By Kaely Monahan

The demand for more female super and sci-fi heroes is on the rise according to a new study by BBC America and the Women’s Media Center. And it doesn’t come as a surprise. The box office success of Wonder Woman ensured that studio executives are at least looking into more female-led sci-fi and female-led stories.

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In the first in a series of studies Superpowering Girls: Female Representation in the Sci-Fi/Superhero Genre, the researchers polled some 2,431 girls and boys ages five to 19 years, as well as the parents of kids between five and nine years old.  

Both kids and their parents were asked about their favorite role models, favorite superheroes, gender representation in the media, and for the children specifically, what their future aspirations are.

Courtney Thomasma is the Vice President of research for BBC America and one of the leaders on the project. She says the study uncovered two very interesting points when it comes to role models.

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“Across the board girls and boys look to role models that are the same gender as themselves. You know you can see it. You identify with your own gender a lot more. That can be really empowering,” she says. “We also found outside of parents and family, superheroes were actually the number one source of inspiration and role models for children.”

Unsurprisingly, when it comes to superhero role models, boys have an extensive list of choices. From Batman to Superman to Spider-Man, there’s nearly a hero for every boy -- although diversity among the superheroes is still lacking. For girls, however, the list is much shorter. According to the study, Wonder Woman is most picked by girls as their favorite superhero, with Supergirl getting mentioned here and there.

“That was pretty telling,” Thomasma says.  “There's an important space for that sort of character and I think, especially in the sci-fi superhero genre where it's about imagination and possibility more so than some other genres. There's a real opportunity for representation in the space. And unfortunately a real lack of representation on the female side.”

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This lack of representation translates into real-world concerns for young women. The study found that by the time a girl reaches her teens she is significantly less likely than a boy to describe herself as confident. They also don’t describe themselves as brave nearly as often as boys, and perhaps the most distressing of all 57% of teen girls said that they don’t feel like they’re heard. The numbers are even higher for girls of color.

This lack of confidence and feeling of being unheard means that young girls may not feel able to do things or choose career paths that are traditionally male-dominated. Take for example the STEM (Science, Technology, Engineering, Mathematics) field. Only one-third of teen girls say they want to pursue a STEM career.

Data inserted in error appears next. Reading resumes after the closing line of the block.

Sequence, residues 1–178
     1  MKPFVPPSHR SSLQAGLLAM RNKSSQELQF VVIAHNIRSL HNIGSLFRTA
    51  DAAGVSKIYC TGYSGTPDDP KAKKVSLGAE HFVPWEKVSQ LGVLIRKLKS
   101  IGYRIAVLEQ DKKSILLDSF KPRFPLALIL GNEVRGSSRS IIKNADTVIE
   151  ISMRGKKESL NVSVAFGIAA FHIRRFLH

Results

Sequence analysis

So how does having more female superheroes and sci-fi heroes help?

“Girls were much more likely to say that female superheroes made them feel like they could be anything that they wanted to. (And) actually, boys who have a lot more male superheroes to choose from we're less likely to cite those empowering effects,” Thomasma says.

She believes that there is not only a hunger to see more women in these roles but that there is a real need to show women in the role of the hero.

It makes good business sense to create more female heroes. The demand is high, and perhaps most surprising, girls and boys across the board both say they want to see more women in these roles. If the appetite is there, then it only serves in the studios' interests to fill the demand with well developed, interesting, powerful female heroes.


Take, for example, the overwhelming outpouring of enthusiasm and support for Jodie Whittaker as The Doctor in Doctor Who. She says they were inundated with fanart, fanfiction, videos of reactions to the news that a woman was playing the pivotal role of the Doctor after 50 years of men.

“One (video) clip, in particular, went viral of a mom and her daughter watching the announcement. And this girl looks to the camera as soon as Jodie Whittaker who plays The Doctor took her hood off and revealed that she was, in fact, a woman. The girl turned to the camera and squeals the ‘New Doctor the girl!’ I think with the most aired video of the day. People like P!nk picked it up and shared it,” Thomasma says.


BBC America and the Center for Women in Media is continuing their research, but it is clear that there is a huge space to fill with female-led hero roles. And with Captain Marvel hitting theaters next year, and whispers of a Harley Quinn solo movie, one can only hope that the space so long dominated by white-male heroes will make room for a diverse cast of fresh-faced heroes for our young women.  

Images courtesy of BBC America.

• Kaely Monahan is a radio producer for KJZZ News, an entertainment reporter, and the creator of Whiskey and Popcorn. Follow her @WhiskeyPopcorn and @KaelyMonahan.